Travelling is one of the great joys of life. But those peak moments of discovery and exploration, when we are elevated from the routines of our everyday lives, are fleeting and, if we’re not careful, soon forgotten.

Souvenirs and photographs help us remember. But, over time, the details fade: we see ourselves on the top of Table Mountain, in South Africa, but we forget what the wind felt like on our face, the way our heart beat through our chest with the exertion of the climb. We put the Moroccan tagine pot on our mantelpiece, but we can’t recall the old Berber man who gave it to us, the sip of sweet mint tea we shared. To keep the joy of travelling alive, nothing beats writing it down.

Table-Mountain-Clouds

But good reading, is hard writing. What we imagine will work well, doesn’t always translate to the page. Our precious memories feel distorted, and distant, once we articulate them on paper. Many of us now are also sharing our travels through blogs and social media – we want our friends and family to experience those incredible, life-changing moments with us. Capturing the essence of a place, or a moment, in a few short paragraphs, whether for our own pleasure or for other’s eyes, has never been more pertinent.

The good news is there are a few simple tips that will improve your travel writing dramatically. Whether I’m working for a national newspaper, or just writing on my own personal blog, I use these three simple tricks everyday. They improve my writing, deepen my travelling experience and help me hold on to memories that I know will last a lifetime.

Please note this list is not exhaustive. The deeper you go into the art, and craft, of travel writing the more there is to discover and explore. If you want to find out more, drop me a line at my blog: The Blue Dot Perspective.

Elephant

Capture the Essence, Nothing Else:
Alfred Hitchcock said “drama is life with the boring bits taken out.” Travel writing should be the same. Try to capture the essence of an experience, not explain every minute detail.

Think about this in two main ways:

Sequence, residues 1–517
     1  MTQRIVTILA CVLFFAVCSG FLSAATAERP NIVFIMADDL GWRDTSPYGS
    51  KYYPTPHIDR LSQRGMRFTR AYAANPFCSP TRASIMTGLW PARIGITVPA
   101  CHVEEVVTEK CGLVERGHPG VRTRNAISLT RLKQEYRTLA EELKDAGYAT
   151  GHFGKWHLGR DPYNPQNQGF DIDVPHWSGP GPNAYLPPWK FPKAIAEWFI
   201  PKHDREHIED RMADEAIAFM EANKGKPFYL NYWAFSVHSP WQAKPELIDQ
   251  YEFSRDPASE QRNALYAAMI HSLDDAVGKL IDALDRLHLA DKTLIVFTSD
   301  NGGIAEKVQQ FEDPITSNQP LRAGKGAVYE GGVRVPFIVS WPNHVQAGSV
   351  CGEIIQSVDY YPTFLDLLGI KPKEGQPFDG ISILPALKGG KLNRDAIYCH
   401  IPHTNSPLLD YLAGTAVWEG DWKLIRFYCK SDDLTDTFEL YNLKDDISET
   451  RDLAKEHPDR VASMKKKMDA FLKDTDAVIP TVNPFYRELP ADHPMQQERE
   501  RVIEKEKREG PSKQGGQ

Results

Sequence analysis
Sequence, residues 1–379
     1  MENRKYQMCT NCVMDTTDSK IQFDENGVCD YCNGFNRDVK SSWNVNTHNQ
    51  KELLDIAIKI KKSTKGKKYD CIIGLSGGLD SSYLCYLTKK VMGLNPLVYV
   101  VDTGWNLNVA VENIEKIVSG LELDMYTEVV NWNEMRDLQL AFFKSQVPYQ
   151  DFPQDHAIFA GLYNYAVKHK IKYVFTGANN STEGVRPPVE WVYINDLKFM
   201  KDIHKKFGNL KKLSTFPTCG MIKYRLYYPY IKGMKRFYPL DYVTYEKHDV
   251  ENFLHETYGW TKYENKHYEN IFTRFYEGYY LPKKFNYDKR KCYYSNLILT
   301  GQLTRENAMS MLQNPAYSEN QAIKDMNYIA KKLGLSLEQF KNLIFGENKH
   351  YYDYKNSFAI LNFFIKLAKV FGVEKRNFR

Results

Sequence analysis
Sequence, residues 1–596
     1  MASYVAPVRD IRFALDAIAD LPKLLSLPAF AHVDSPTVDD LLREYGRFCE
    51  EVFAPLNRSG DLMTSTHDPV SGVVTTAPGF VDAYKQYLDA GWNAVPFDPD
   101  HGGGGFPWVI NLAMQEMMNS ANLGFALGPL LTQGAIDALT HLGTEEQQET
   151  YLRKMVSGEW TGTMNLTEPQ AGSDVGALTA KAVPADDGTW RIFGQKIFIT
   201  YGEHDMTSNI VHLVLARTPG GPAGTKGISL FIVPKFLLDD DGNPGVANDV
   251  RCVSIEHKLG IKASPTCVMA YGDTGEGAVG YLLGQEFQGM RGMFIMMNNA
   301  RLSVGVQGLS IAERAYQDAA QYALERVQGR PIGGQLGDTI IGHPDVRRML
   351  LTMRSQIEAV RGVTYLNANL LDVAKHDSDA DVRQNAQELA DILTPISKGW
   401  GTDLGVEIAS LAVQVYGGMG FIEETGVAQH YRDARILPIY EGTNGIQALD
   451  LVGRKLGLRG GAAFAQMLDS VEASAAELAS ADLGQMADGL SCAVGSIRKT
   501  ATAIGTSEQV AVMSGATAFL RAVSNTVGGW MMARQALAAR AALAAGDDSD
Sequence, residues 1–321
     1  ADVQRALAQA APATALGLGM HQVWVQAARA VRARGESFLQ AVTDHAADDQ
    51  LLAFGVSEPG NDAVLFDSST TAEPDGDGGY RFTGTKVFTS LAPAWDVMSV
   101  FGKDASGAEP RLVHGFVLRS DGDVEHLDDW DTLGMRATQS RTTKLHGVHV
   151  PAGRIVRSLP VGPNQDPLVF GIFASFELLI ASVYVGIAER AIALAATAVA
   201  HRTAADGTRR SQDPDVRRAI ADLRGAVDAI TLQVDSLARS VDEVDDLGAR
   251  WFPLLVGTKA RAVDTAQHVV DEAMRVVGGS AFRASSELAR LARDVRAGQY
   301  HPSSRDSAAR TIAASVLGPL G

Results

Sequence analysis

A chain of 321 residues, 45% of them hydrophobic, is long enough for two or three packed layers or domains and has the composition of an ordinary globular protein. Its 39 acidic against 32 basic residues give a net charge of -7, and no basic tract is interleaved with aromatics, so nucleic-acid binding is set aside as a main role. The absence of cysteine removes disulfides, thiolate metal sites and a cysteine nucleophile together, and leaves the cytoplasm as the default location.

• The Passage of Time: Get straight to the action. Don’t waste space describing uneventful components of your trip. Maybe you’re on safari and you spend two hours driving around seeing nothing and then, suddenly, you come across a lioness stalking a baby gazelle. When you write about this later take us to the heart of the action straight away. Put us right beside the hunt, not bumping around in the back of the jeep waiting for something to happen.
  • The Heart of the Experience: What was the key moment? What was the major emotion you felt? Maybe it was the look in the lion’s eye, maybe it was the way her muscles tensed ready to pounce? Perhaps it was the unsettling thrill of watching the kill? Take time to reflect upon the experience, both during and afterwards, to get to the essence of it. Concentrate on describing those few things vividly and your writing will be punchy and well paced.

Zoom in, Zoom Out:
When describing a place, person or experience think of your writing like a movie camera. Wide shots show the reader the context, the overall situation and help establish a sense of place. But in order for that place to feel real you need to zoom in on the details. Details are what make travel writing come alive.

Maybe you want to describe a market scene. Begin with a wide shot: where is it, what is the landscape like, the weather – pick out the broad contexts that will set the scene for your reader. Now zoom in: maybe people are haggling, maybe a donkey is teetering through the alleyway. Now zoom in again: a boy looks up at you and smiles, you bite into a ripe peach and the juice drips down your chin.

Vary your perspective and your reader will feel as if they are absorbing every aspect of a scene, not just looking at it from far away. Add details that help to frame the essence of that place, person or experience and they will feel like they are there with you.

Create Imaginative Space:
The classic rule of writing is show, don’t tell. Writing should spark ideas and ignite emotions, not prescribe them. I call this the imaginative space. If a writer spells out every aspect of a scene, the imaginative space shrinks – there is no room for the reader to participate emotionally in the story.

For example, it’s enough to say “an old woman, dressed in rags and bent double at the hips, holds her empty hand to the street.” There’s no need to say – “It was sad”. Let the readers decide for themselves what that scene meant. Your job is to paint pictures with words in ways that steer people’s imagination towards the experience you’re hoping to convey. But what that end experience for the reader ultimately is, is up to them, not you. Have faith in their intellect and emotions, and they will reward you by caring about what you write.

ABOUT AARON MILLER

Aaron Millar is a freelance journalist specialising in travel. His work has been seen in the Guardian, Financial Times, Independent and more. He is also the travel editor of Positive News, the world’s leading positive newspaper, where authentic sustainable travel is promoted. Aaron writes an interesting blog called thebluedotperspective.com, and he is also an accomplished photographer.